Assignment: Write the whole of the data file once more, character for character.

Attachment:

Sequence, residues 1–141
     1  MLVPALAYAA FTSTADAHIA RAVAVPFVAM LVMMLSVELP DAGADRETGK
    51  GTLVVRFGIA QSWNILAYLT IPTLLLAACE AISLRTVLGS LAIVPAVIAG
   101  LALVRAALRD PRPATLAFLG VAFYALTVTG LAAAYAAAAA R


Sequence, residues 1–141
     1  MLVPALAYAA FTSTADAHIA RAVAVPFVAM LVMMLSVELP DAGADRETGK
    51  GTLVVRFGIA QSWNILAYLT IPTLLLAACE AISLRTVLGS LAIVPAVIAG
   101  LALVRAALRD PRPATLAFLG VAFYALTVTG LAAAYAAAAA R